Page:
Corollary 2. Let $A$ be an $n\times n$-matrix over a field $\mathbb{F}$. Let $r\in\left\{ 0,1,\ldots,n\right\} $. Consider the $n\times n$-matrix $tI_n +A$ over the polynomial ring $\mathbb{F}\left[ t\right] $. Its determinant $\det\left( tI_n +A\right) $ is a polynomial in $\mathbb{F} \left[ t\right] $. Then, \begin{align} & \left( \text{the sum of all principal }r\times r\text{-minors of }A\right) \nonumber\\ & =\left( \text{the coefficient of }t^{n-r}\text{ in the polynomial } \det\left( tI_n +A\right) \right) . \end{align}

Proof of Corollary 2. We have $r\in\left\{ 0,1,\ldots,n\right\} $, thus $n-r\in\left\{ 0,1,\ldots,n\right\} $. Also, from $tI_n +A=A+tI_n $, we obtain \begin{equation} \det\left( tI_n +A\right) =\det\left( A+tI_n \right) =\sum_{k=0} ^{n}\left( \sum_{\substack{P\subseteq\left\{ 1,2,\ldots,n\right\} ;\\\left\vert P\right\vert =n-k}}\det\left( A_{P,P}\right) \right) t^{k} \end{equation} (by \eqref{darij.eq.t1.2}, applied to $\mathbb{K}=\mathbb{F}\left[ t\right] $ and $x=t$). Hence, for each $k\in\left\{ 0,1,\ldots,n\right\} $, we have \begin{align*} & \left( \text{the coefficient of }t^{k}\text{ in the polynomial } \det\left( tI_n +A\right) \right) \\ & =\sum_{\substack{P\subseteq\left\{ 1,2,\ldots,n\right\} ;\\\left\vert P\right\vert =n-k}}\det\left( A_{P,P}\right) . \end{align*} We can apply this to $k=n-r$ (since $n-r\in\left\{ 0,1,\ldots,n\right\} $) and thus obtain \begin{align*} & \left( \text{the coefficient of }t^{n-r}\text{ in the polynomial } \det\left( tI_n +A\right) \right) \\ & =\sum_{\substack{P\subseteq\left\{ 1,2,\ldots,n\right\} ;\\\left\vert P\right\vert =n-\left( n-r\right) }}\det\left( A_{P,P}\right) =\sum_{\substack{P\subseteq\left\{ 1,2,\ldots,n\right\} ;\\\left\vert P\right\vert =r}}\det\left( A_{P,P}\right) \qquad\left( \text{since }n-\left( n-r\right) =r\right) \\ & =\left( \text{the sum of all principal }r\times r\text{-minors of }A\right) \end{align*} (by the definition of principal minors). This proves Corollary 2. $\blacksquare$

Lemma 3. Let $A$ be an $n\times n$-matrix over a field $\mathbb{F}$. Let $\lambda_{1},\lambda_{2},\ldots,\lambda_{n}$ be the eigenvalues of $A$. We assume that all $n$ of them lie in $\mathbb{F}$. Then, in the polynomial ring $\mathbb{F}\left[ t\right] $, we have \begin{equation} \det\left( tI_n +A\right) =\left( t+\lambda_{1}\right) \left( t+\lambda_{2}\right) \cdots\left( t+\lambda_{n}\right) . \end{equation}

Proof of Lemma 3. The eigenvalues of $A$ are defined as the roots of the characteristic polynomial $\det\left( tI_n -A\right) $ of $A$. (You may be used to defining the characteristic polynomial of $A$ as $\det\left( A-tI_n \right) $ instead, but this makes no difference: The polynomials $\det\left( tI_n -A\right) $ and $\det\left( A-tI_n \right) $ differ only by a factor of $\left( -1\right) ^{n}$ (in fact, we have $\det\left( A-tI_n \right) =\left( -1\right) ^{n}\det\left( tI_n -A\right) $), and thus have the same roots.)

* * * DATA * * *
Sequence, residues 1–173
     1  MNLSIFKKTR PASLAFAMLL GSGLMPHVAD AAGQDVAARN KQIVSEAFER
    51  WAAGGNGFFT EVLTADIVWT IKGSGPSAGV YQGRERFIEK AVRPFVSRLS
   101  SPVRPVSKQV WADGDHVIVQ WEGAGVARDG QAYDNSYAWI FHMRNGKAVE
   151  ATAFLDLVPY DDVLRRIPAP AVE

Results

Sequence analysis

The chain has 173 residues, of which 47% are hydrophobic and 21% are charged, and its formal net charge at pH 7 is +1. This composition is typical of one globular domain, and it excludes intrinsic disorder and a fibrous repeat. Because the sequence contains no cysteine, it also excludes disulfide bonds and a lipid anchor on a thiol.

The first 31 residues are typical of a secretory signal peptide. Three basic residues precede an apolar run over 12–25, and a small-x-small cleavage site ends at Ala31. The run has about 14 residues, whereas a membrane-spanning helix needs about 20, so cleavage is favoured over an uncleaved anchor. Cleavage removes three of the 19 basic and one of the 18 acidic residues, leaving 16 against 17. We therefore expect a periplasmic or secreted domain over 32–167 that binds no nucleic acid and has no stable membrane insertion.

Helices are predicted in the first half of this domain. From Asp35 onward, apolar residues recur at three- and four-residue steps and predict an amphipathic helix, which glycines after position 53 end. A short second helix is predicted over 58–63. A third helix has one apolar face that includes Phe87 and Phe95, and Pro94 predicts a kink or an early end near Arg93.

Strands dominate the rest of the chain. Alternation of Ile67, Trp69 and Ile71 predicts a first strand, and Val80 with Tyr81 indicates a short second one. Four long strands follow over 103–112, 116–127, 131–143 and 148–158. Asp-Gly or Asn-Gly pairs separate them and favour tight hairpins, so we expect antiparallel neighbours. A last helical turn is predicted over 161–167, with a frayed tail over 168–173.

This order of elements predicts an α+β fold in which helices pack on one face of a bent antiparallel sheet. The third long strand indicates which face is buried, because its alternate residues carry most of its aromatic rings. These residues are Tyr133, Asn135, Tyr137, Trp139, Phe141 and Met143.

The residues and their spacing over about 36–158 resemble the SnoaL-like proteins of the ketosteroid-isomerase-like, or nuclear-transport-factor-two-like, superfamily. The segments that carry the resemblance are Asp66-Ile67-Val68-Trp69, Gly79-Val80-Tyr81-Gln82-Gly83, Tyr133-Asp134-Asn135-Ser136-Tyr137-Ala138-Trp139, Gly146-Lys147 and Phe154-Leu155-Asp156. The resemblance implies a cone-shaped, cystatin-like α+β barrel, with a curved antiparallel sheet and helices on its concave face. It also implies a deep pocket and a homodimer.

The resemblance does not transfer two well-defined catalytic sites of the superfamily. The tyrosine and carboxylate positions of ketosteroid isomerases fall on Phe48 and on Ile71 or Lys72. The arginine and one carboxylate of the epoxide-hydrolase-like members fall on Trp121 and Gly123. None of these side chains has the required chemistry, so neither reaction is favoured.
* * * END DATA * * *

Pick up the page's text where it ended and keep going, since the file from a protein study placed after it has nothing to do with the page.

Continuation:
Also, the characteristic polynomial $\det\left( tI_n -A\right) $ of $A$ is a monic polynomial of degree $n$. And we know that its roots are the eigenvalues of $A$, which are exactly $\lambda_{1},\lambda_{2},\ldots ,\lambda_{n}$ (with multiplicities). Thus, $\det\left( tI_n -A\right) $ is a monic polynomial of degree $n$ and has roots $\lambda_{1},\lambda_{2} ,\ldots,\lambda_{n}$. Thus, \begin{equation} \det\left( tI_n -A\right) =\left( t-\lambda_{1}\right) \left( t-\lambda_{2}\right) \cdots\left( t-\lambda_{n}\right) \end{equation} (because the only monic polynomial of degree $n$ that has roots $\lambda _{1},\lambda_{2},\ldots,\lambda_{n}$ is $\left( t-\lambda_{1}\right) \left( t-\lambda_{2}\right) \cdots\left( t-\lambda_{n}\right) $). Substituting $-t$ for $t$ in this equality, we obtain \begin{align*} \det\left( \left( -t\right) I_n -A\right) & =\left( -t-\lambda _{1}\right) \left( -t-\lambda_{2}\right) \cdots\left( -t-\lambda _{n}\right) \\ & =\prod_{i=1}^{n}\underbrace{\left( -t-\lambda_{i}\right) }_{=-\left( t+\lambda_{i}\right) }=\prod_{i=1}^{n}\left( -\left( t+\lambda_{i}\right) \right) \\ & =\left( -1\right) ^{n}\underbrace{\prod_{i=1}^{n}\left( t+\lambda _{i}\right) }_{=\left( t+\lambda_{1}\right) \left( t+\lambda_{2}\right) \cdots\left( t+\lambda_{n}\right) } \\ & = \left( -1\right) ^{n}\left( t+\lambda_{1}\right) \left( t+\lambda_{2}\right) \cdots\left( t+\lambda_{n}\right) . \end{align*} Comparing this with \begin{equation} \det\left( \underbrace{\left( -t\right) I_n -A}_{=-\left( tI_n +A\right) }\right) =\det\left( -\left( tI_n +A\right) \right) =\left( -1\right) ^{n}\det\left( tI_n +A\right) , \end{equation} we obtain \begin{equation} \left( -1\right) ^{n}\det\left( tI_n +A\right) =\left( -1\right) ^{n}\left( t+\lambda_{1}\right) \left( t+\lambda_{2}\right) \cdots\left( t+\lambda_{n}\right) . \end{equation} We can divide both sides of this equality by $\left( -1\right) ^{n}$, and thus obtain $\det\left( tI_n +A\right) =\left( t+\lambda_{1}\right) \left( t+\lambda_{2}\right) \cdots\left( t+\lambda_{n}\right) $. This proves Lemma 3. $\blacksquare$